Again Jesus entered the synagogue. A man who had a paralyzed hand was there and some people watched Jesus: Would he heal the man on the sabbath? If he did they could accuse him. Jesus said to the man with the paralyzed hand, «Stand here in the center». Then he asked them, «What does the Law allow us to do on the sabbath? To do good or to do harm? To save life or to kill?». But they were silent. Then Jesus looked around at them with anger and deep sadness because they had closed their minds. And he said to the man, «Stretch out your hand». He stretched it out and his hand was healed. But as soon as the Pharisees left, they met with Herod's supporters, looking for a way to destroy Jesus.
We remain with the same theme of yesterday. I believe that what I have said can be repeated here. Thus, today let’s look at this gospel message in a different way. Each and every one of us act, not of what’s happening around us, rather what’s happens interior of ourselves. Jesus is filled with compassion and love; thus, He looks at this man with compassion. Others don’t have this compassion in them, thus act differently. Our words, actions and reactions can help us to understand our own interiority.
God in His fulness wishes to heal us and fill us with His fulness. To totally profit of this divine generosity, we should have a total confidence in God, and be able to do exactly what God wants us to do, even though our intelligence may say other way. Saul, the king of Israel had this confidence and allowed David to take the lead. God did make a miracle. Both readings invite us to listen to the divine inspiration and allow God to take the lead in our life.
As Christians, it’s not earthly laws and regulations should be the source of our discernment, rather the divine will. The more we are connected with the divine will and engage positively in the accomplishment of the same, better will be our compassion and love. Indirectly we give visibility of divine goodness in this world, and be able to save and give life to others. God the source of life, seeing our positive engagement, will make us capable of giver of life.
Action of the day: be a giver of life.
«What does the Law allow us to do on the sabbath? To do good or to do harm? To save life or to kill?»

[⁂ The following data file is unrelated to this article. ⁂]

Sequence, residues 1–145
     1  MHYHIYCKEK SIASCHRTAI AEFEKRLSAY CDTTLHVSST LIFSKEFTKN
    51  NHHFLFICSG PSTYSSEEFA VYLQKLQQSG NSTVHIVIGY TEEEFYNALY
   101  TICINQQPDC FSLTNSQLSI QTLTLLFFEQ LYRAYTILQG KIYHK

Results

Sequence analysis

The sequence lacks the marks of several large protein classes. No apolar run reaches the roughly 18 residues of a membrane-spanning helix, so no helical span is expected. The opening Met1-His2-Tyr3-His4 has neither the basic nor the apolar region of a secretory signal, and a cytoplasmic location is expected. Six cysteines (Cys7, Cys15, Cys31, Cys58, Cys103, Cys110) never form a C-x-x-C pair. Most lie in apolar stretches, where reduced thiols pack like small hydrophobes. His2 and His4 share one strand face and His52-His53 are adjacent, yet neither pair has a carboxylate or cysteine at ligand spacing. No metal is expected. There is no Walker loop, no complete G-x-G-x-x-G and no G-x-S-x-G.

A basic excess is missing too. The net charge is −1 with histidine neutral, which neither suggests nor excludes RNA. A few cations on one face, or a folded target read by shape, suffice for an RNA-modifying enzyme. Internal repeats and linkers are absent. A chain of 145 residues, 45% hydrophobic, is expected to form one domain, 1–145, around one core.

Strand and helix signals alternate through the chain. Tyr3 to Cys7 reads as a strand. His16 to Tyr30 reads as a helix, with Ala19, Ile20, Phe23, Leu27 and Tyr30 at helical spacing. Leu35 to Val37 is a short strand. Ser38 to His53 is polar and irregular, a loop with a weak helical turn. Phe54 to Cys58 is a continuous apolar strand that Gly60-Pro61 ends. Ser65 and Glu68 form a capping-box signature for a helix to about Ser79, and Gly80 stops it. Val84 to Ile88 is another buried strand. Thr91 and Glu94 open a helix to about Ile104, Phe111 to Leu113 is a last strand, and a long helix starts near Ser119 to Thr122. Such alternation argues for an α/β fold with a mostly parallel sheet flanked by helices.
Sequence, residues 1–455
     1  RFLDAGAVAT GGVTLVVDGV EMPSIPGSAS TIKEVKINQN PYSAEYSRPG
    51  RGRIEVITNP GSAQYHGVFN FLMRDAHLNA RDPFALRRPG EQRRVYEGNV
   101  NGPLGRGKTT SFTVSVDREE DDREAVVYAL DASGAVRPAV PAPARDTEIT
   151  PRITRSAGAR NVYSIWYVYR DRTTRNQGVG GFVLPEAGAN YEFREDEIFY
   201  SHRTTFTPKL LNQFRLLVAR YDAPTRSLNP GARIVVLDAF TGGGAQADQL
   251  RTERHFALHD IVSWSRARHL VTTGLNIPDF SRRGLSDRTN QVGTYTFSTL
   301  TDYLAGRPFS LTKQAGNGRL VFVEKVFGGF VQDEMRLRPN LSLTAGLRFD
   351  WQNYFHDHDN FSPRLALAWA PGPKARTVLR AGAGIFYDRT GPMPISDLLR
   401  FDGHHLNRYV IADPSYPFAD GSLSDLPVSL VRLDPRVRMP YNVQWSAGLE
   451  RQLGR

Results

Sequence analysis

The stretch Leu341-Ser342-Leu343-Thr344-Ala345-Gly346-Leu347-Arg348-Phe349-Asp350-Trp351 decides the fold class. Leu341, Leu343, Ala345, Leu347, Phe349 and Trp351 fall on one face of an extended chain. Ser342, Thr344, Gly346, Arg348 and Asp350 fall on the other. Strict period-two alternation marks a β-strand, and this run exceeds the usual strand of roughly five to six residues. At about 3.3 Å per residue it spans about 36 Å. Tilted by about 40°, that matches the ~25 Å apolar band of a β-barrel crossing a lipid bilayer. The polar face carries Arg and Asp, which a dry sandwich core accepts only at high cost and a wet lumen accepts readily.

Fr. Joaquim MESEGUER García
(Rubí, Barcelona, Spain)
Today, Jesus tells us we must always do good: there is no such thing as a time to do good and a time to overlook our love for others. The love we get through God brings us to the supreme Law, Jesus left with us, in the new commandment: «Love one another. As I have loved you, so you must love one another» (Jn 13:34). Jesus neither repeals nor criticizes Moses' Law, inasmuch as He is the first one to comply with its precepts and go to the synagogue on the Sabbath; what Jesus criticizes is the narrow minded version of the Law by its masters and the Pharisees, an interpretation leaving little room for mercy.
Jesus Christ has come to proclaim the Gospel of salvation, but his antagonists, far from being convinced, seek all kind of pretexts against him: «A man who had a paralyzed hand was there and some people watched Jesus: Would He heal the man on the Sabbath? If He did they could accuse him.» (Mk 3:1-2). At the same time as we witness the power of grace, we also see how hardhearted, those boastful men who though they had the truth on their side, were. Were those Pharisees joyful upon realizing that poor man had been cured hand? Certainly not, rather on the contrary, they were even more blinded, to the point of rushing to make a deal with Herod's supporters —their natural foes— looking for a way to destroy Jesus. Some alliance!
With his action, Jesus also removes the chains with which the masters of the Law and the Pharisees had constrained the Sabbath while conferring it its true meaning: the day of communion between God and man, the day of liberation from slavery, the day of salvation from evil forces. Saint Augustin tells us: «He who has peace in the conscience, is peaceful, and this very peace is his heart's Sabbath». With Jesus Christ, the Sabbath already opens up to the gift of Sunday.